Four Weekly Tech Newsletter – Dec 20

A round up of the latest tech stories, curated for you weekly, by Four.

Lead articles from December 20

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Forecast 2021: AI during COVID and beyond

The pandemic has created an unusual opportunity for a technology aimed at efficiency and lean operations. Artificial intelligence has been a sector to watch during the pandemic. The enterprise has been seeking new routes to efficiency, organizations with an abundance of furloughed or fired workers have bandwidth crunches, and some companies may have used the hardships of the past year to clean house with the intent of hiring fresh using new technology-driven strategies.

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How to create space for ethics in AI

In a year that has seen decades’ worth of global shocks, bad news, and scandals squeezed into 12 excruciatingly long months, the summer already feels like a distant memory. In August 2020, the world was in the throes of a major social and racial justice movement, and I argued hopefully in VentureBeat that the term “ethical AI” was finally starting to mean something.It was not the observation of a disinterested observer but an optimistic vision

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Can we teach a computer to feel things? A dialogue...

The dialogue got started because of a gifted computer nerd, Rosalind Picard, also a playwright, who decided to become an evangelical Christian in midlife (approx 2019). As she tells it, “a flat, black-and-white existence suddenly turned full-color and three-dimensional.” The director of MIT’s Media Lab, she had also written a book in 2000 called Affective Computing which seems to suggest that one could somehow give emotions to machines. O’Leary: Emotions are based on actual well-being or suffering. How can something that is not alive have actual emotions? Don’t think of people here!; think of dogs. Dogs have emotions. When my computer is giving trouble, I certainly hope it’s not because the thing is upset with me.

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Top ten AI and machine learning stories from 2020

Whether assessing vaccine safety and efficacy, assisting with X-ray readings or tracking communities’ vulnerability to COVID-19, artificial intelligence has been put to work in new and innovative ways throughout the pandemic. Toward the tail end of pre-pandemic 2019, Mayo Clinic Chief Information Officer Cris Ross stood on a stage in California and declared, “This artificial intelligence stuff is real.” Indeed, while some may argue that AI and machine learning might have been harnessed better during the early days of COVID-19, and while the risk of algorithmic bias is very real, there’s little question that artificial intelligence, evolving and maturing by the day for an array of use cases across healthcare.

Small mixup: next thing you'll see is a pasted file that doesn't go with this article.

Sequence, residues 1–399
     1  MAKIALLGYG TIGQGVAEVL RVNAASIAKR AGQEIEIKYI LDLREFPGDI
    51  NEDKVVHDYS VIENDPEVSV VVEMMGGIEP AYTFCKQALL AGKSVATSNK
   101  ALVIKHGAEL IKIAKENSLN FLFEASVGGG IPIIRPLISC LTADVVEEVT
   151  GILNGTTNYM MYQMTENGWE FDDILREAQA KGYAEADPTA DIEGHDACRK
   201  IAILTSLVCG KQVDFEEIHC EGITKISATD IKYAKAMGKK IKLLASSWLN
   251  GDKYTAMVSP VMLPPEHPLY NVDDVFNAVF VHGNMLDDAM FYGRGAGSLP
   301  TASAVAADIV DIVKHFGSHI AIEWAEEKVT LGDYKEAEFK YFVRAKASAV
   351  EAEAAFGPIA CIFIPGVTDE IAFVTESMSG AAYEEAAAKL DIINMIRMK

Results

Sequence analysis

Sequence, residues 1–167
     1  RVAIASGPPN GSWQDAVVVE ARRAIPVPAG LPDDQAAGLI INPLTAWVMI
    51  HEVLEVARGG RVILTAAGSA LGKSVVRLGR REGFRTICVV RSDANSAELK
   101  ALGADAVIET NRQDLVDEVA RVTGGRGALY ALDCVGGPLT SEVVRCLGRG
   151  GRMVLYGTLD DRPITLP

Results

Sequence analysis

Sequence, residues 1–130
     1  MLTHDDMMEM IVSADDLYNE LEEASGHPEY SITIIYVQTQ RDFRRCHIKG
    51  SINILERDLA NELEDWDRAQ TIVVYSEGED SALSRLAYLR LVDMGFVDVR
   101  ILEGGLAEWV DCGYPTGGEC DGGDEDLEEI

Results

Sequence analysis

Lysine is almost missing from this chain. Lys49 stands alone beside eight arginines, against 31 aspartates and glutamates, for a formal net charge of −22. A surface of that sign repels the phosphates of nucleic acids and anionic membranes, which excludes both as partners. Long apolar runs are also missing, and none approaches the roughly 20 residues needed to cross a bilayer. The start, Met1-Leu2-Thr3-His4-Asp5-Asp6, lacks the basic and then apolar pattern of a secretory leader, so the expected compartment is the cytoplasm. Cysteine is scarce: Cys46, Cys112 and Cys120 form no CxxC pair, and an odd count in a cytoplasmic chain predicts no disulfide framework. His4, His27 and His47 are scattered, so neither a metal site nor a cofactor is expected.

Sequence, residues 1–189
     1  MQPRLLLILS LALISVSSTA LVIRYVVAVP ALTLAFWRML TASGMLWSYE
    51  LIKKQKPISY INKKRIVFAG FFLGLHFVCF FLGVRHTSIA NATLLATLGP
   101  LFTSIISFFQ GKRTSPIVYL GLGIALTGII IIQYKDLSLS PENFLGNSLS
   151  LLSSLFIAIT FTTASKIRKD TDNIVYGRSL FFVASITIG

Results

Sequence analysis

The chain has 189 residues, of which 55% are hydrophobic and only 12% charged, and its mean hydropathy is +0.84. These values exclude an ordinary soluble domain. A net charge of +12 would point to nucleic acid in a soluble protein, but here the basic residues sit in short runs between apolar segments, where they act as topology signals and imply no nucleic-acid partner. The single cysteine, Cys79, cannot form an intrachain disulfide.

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8 leading women in the field of AI

It is a simple truth: the field of artificial intelligence is far too male-dominated. According to a 2018 study from Wired and Element AI, just 12% of AI researchers globally are female. Artificial intelligence will reshape every corner of our lives in the coming years—from healthcare to finance, from education to government. It is therefore troubling that those building this technology do not fully represent the society they are poised to transform.Yet there are many brilliant women at the forefront of AI today. As entrepreneurs, academic researchers, industry executives, venture capitalists and more, these women are shaping the future of artificial intelligence. They also serve as role models for the next generation of AI leaders, reflecting what a more inclusive AI community can and should look like.

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A roundup of the best cybersecurity predictions of 2021

In 2020, breaches are the digital pandemic proving to be just as insidious and difficult to stop as Covid-19. Cyberattacks on healthcare facilities in the U.S. this year alone have affected 17.3 million people in 436 breaches tracked by the U.S. Department of Health and Human Services (HHS) Breach Portal. That is up from 31 breaches affecting 419,000 people in January alone. Malicious actors often attack healthcare providers because medical records are best-sellers on the Dark Web and are challenging to track and can sell for up to $1,000 each. State-sponsored cyberattacks discovered earlier this month add a new dimension to the cybersecurity arms race that is accelerating.